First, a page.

Klotho is a longevity-associated gene that has been under investigation for some years. Increasing its expression lengthens life in mice, while reducing it has the opposite effect. Here is an open access review on the topic with a focus on mechanisms relating to cardiovascular disease (CVD):
Klotho, a gene originally identified in 1997 codifying for a novel anti-aging protein, has been implicated in a multitude of biological processes, most of them related to human longevity. Mice lacking the Klotho gene develop a phenotype similar to premature human aging, which includes endothelial dysfunction, vascular calcification, progressive atherosclerosis and shortened lifespan. A reduction in Klotho levels is observed in chronic kidney disease (CKD) patients, similar to other premature vascular aging diseases, such as hypertension or diabetes mellitus. Even normal aging is associated with a reduction in serum and urine concentration of Klotho.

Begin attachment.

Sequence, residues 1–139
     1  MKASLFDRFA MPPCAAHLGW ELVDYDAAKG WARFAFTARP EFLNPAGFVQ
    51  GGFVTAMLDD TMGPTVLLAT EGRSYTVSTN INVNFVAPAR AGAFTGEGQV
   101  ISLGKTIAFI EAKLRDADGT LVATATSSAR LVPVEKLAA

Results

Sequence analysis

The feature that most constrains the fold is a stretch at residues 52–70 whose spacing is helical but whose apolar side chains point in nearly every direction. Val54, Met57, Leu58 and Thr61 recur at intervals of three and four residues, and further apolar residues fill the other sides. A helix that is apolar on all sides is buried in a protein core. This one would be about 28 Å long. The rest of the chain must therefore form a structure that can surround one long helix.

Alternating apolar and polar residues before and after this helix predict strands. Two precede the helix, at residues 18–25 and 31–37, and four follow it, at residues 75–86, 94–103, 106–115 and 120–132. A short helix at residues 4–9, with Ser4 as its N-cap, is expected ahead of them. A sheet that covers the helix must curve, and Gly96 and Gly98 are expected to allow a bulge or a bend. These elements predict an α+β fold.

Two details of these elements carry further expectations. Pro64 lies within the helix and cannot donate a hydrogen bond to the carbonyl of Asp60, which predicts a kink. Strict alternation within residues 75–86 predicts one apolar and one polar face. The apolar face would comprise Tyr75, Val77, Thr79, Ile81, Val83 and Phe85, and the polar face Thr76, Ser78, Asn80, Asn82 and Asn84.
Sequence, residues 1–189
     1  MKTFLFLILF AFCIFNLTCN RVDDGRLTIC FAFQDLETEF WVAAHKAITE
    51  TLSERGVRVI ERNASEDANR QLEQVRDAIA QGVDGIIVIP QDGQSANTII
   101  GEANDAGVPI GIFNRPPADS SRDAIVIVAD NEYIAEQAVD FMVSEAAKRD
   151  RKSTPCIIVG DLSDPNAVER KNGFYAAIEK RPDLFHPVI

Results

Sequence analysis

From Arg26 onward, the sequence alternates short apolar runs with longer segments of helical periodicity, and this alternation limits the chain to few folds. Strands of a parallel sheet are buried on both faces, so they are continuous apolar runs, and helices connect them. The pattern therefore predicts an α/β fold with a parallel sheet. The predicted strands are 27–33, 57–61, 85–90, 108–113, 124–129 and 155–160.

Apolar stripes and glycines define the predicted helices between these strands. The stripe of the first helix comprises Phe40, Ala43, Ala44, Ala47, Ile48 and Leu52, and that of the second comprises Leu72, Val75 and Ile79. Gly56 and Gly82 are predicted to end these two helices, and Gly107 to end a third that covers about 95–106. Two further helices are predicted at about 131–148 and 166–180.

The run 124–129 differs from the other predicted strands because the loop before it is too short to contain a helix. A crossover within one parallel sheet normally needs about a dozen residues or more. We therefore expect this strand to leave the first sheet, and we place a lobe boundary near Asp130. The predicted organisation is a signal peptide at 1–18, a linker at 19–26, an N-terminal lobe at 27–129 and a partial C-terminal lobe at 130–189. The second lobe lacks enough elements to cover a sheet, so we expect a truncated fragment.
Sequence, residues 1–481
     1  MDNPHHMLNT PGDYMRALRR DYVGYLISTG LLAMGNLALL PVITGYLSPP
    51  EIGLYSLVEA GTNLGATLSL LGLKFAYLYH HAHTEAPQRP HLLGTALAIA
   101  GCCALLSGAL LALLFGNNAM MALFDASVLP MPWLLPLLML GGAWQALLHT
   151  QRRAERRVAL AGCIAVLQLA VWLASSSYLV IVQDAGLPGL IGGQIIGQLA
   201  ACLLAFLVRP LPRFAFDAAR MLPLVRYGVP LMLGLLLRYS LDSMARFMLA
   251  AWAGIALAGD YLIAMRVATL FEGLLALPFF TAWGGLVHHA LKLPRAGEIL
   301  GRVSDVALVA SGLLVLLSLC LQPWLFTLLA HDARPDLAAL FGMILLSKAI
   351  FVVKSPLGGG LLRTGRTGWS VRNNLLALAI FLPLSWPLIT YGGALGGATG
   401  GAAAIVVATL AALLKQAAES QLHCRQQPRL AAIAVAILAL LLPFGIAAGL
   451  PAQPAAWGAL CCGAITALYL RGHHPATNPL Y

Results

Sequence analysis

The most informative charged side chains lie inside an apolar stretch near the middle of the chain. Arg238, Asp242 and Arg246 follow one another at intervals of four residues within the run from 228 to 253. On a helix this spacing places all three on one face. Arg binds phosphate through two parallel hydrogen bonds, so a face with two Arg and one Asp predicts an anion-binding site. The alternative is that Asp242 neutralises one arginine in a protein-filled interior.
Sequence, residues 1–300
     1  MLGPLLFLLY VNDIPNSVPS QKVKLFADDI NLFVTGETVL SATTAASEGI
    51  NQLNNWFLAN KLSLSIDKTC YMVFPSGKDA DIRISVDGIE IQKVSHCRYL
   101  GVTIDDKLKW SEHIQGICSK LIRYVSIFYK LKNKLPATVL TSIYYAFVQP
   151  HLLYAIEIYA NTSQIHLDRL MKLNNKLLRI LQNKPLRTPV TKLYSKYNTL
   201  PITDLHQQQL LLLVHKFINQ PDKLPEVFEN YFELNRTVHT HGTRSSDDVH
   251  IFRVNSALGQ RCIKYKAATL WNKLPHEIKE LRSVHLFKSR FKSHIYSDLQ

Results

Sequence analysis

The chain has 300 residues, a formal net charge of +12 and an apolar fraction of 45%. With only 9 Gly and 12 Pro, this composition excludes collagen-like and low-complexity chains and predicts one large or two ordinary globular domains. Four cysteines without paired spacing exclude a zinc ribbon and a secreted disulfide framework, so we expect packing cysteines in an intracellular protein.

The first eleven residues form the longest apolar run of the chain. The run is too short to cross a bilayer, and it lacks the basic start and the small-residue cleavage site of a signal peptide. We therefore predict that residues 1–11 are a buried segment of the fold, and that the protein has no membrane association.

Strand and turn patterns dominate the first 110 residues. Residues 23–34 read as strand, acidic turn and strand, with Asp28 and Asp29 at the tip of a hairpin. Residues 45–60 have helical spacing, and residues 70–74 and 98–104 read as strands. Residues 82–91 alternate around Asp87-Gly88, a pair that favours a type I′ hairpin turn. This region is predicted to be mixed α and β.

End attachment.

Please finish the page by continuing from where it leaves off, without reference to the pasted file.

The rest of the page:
More recently, the involvement of Klotho in vascular protection through different mechanisms has been demonstrated. These mechanisms include inhibition of oxidative stress, modulation of inflammation or attenuation of vascular calcification. Therefore, Klotho has been suggested as a master regulator of CVD. The disruption in the homeostasis of this factor seems to be a key element in the development of CVD. The reduction of circulating levels of Klotho is associated with the presence and severity of coronary artery disease (CAD) and is also an independent marker of some forms of vascular dysfunction such as arterial stiffness. Likewise, various genetic studies have shown the association between gene variants of human Klotho gene with CAD or stroke.